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Cool and Crap Awards of the Week

Illustration for article titled Cool and Crap Awards of the Week

At least two things happened in the world of science and fiction last week, and one was cool and the other was crap.

Coolest alcohol-tinged recruitment effort that involved science fiction, antiracism, and M&Ms: Last night at Madison's Wiscon science fiction convention, the Carl Brandon Society threw a party and recruited new members by harnessing the power of scifi author Claire Light behind the bar. The Carl Brandon society offers scholarships and prizes for science fiction writers of color, and membership is only $25. A price everyone gladly paid after Claire (pictured) kept handing out C52s — tiny drinks featuring three layers: Grand Marnier, Bailey's, and coffee liqueur (with an M&M in the bottom, so the C is for "chocolate"). You have to drink it in one gulp, or the Bailey's curdles. After a few gulps, some shit-talking about Martian colonies, and a dissection of the imperialist politics in vampire novels, I joined the society. And so did everybody else. Who says good causes don't have to be fun? Click through for the crap award (yes there will be some spoilers).


Crappiest effort to pay homage to a once-great franchise, while also failing to pay homage to 1950s science fiction and misapplying CGI ant swarms:

Sure, I said Indiana Jones and the Kingdom of the Crystal Skull was a fun afternoon diversion, but that doesn't mean it wasn't total crap. I love Indy, and I loved the "alien skull" premise of this film, and yet the more I thought about it, the less I liked it. The ending felt like bad TV. And no, it's not cool or neato that Indy was able to survive a nuclear bomb blast by hiding inside a refrigerator. I can believe that he might escape a giant zooming rock by the skin of his teeth, but a nuclear bomb? That stretches the bounds of credibility so far that I'm not having fun anymore. I'm just feeling condescended to. Plus, as many io9 commenters already noted, the CGI ants were crap. Swarm of ants = good. Swarm of ants so fake they look like a batch of angry M&Ms (and not the good kind you can drink with the Carl Brandon Society) = crap.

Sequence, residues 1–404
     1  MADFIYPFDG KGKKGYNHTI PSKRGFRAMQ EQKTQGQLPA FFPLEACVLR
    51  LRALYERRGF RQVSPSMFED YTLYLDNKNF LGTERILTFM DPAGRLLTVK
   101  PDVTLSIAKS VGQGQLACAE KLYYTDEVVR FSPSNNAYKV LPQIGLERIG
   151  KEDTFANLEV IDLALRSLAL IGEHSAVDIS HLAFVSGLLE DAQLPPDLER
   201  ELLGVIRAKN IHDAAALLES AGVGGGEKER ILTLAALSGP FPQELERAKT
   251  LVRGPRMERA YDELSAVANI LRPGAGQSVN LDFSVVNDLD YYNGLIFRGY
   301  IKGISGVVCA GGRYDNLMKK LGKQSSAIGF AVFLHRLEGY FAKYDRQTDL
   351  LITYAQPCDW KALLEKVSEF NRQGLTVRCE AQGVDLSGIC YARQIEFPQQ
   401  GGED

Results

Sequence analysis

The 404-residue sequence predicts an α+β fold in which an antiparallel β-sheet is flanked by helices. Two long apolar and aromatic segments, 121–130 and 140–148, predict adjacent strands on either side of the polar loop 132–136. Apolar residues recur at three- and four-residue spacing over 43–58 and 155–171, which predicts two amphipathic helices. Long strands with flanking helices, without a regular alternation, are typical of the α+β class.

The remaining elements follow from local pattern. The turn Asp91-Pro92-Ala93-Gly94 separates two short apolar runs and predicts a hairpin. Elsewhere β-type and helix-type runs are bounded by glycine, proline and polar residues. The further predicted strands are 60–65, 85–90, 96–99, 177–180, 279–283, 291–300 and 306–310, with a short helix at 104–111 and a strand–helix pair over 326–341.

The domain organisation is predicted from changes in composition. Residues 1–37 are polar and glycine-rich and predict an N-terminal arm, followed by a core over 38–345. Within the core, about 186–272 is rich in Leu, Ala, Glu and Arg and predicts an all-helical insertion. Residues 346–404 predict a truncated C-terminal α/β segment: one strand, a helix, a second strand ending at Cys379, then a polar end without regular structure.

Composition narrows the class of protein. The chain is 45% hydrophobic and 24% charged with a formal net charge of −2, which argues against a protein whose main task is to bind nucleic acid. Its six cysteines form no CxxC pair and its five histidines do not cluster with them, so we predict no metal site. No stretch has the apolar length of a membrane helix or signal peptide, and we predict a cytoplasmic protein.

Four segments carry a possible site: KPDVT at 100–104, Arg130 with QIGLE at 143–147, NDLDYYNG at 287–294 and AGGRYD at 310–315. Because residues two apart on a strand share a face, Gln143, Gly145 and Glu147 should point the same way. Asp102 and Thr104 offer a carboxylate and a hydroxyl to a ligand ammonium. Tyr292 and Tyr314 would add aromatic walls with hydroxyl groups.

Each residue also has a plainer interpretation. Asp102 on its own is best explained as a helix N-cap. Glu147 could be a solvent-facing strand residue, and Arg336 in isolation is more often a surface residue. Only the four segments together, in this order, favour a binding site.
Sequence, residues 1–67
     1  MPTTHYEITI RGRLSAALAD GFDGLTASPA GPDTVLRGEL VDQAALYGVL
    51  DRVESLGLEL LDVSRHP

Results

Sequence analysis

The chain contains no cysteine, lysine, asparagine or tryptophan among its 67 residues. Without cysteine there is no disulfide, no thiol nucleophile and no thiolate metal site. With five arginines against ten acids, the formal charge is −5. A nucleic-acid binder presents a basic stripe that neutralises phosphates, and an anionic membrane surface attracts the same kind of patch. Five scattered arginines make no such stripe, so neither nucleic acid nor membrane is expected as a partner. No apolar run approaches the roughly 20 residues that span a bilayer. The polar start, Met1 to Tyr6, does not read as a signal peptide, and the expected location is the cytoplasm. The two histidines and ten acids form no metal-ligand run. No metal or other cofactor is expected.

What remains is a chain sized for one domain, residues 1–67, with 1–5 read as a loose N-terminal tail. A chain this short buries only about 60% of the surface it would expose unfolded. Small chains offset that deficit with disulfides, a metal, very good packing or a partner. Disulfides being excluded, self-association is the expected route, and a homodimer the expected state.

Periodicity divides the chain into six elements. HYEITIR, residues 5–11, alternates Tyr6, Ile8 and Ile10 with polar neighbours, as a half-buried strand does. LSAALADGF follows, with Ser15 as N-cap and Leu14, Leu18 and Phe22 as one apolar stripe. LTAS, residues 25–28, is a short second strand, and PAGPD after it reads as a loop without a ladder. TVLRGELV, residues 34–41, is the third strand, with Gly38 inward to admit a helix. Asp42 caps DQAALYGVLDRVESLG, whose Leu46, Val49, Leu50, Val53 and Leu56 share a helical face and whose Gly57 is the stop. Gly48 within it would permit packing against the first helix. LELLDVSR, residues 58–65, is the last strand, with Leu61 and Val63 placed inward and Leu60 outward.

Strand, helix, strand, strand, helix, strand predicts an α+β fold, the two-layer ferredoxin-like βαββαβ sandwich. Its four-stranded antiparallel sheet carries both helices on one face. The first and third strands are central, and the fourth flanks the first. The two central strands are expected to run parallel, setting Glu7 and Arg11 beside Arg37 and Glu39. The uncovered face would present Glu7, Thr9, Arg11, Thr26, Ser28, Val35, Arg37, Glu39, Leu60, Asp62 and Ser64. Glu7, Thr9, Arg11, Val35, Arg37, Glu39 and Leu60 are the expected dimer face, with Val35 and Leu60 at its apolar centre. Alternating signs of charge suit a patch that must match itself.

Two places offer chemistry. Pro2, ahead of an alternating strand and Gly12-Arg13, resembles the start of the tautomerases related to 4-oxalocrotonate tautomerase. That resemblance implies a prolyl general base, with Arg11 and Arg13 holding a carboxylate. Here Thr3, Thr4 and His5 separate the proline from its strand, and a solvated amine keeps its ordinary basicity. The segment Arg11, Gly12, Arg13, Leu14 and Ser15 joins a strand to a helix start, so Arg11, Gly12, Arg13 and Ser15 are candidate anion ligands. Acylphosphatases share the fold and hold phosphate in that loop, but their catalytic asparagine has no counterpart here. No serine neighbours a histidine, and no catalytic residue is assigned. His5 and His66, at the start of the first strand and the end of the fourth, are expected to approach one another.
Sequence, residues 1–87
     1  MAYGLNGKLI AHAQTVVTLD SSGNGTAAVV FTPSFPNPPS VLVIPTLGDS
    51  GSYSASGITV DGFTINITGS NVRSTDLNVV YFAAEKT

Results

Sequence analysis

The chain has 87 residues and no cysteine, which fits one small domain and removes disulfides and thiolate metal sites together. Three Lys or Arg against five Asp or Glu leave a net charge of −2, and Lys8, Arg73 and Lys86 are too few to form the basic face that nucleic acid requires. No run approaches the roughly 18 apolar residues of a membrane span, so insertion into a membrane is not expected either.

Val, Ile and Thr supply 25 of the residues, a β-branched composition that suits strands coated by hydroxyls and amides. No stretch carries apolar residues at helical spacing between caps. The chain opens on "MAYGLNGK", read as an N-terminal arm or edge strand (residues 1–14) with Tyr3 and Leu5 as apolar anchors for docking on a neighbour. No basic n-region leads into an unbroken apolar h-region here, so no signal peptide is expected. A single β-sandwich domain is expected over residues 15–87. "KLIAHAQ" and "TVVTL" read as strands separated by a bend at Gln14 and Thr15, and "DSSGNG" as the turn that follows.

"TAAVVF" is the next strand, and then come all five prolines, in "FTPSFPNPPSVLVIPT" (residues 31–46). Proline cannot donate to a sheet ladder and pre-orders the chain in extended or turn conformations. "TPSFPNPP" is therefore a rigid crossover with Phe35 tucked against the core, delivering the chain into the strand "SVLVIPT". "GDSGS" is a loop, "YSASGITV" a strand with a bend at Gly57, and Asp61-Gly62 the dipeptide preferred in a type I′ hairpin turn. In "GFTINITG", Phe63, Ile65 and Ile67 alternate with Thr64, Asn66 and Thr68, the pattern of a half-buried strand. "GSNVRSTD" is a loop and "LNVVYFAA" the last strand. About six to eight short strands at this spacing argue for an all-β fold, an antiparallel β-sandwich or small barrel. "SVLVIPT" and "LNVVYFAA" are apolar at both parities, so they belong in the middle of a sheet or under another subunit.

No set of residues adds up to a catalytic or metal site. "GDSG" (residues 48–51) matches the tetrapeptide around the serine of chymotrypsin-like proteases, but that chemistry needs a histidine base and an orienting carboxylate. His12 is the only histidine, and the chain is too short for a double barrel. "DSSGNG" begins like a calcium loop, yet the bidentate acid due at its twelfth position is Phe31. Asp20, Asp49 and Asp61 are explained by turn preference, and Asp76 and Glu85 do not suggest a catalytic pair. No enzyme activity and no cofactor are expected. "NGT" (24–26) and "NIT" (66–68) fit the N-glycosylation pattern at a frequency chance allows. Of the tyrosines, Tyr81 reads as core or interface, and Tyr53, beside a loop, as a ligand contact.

Plus, why did putting the crystal skull inside a burlap sack prevent it from being magnetic? Oh I know: probably the same forces that made gold and gunpowder ferromagnetic in the movie. The force of crap.

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Josh Wimmer

(Do I have to mention at this point that spoilers follow?)

I thought it was really a pretty good movie. It was no Raiders (but what is?) and no Last Crusade, but thoroughly enjoyable in its own right. It very clearly established from the outset that this was Indy in a new era, and, y'know, spacemen and flying saucers were the stuff of adventures of that era. And it's kinda silly to call it X-Files plagiarism — most everything (like the alien design) has a foundation in real-life history that goes all the way to Roswell or further.

The end was a little abrupt, and kinda weak, in that it was more or less a retread of what went down with the ark, but it didn't last too long; and I give points to them for wrapping it up quickly. And speaking as someone whose first really noteworthy birthday present was the VHS tape of Raiders I got when I was seven or so, the wedding was EXACTLY what some of us have been waiting for for years — the question always having been, "What happened to Marion?"

One complaint: I glanced at the flap copy in the novelization at B&N last night, and it referred to the crystal skulls as more powerful than the ark. I disagree.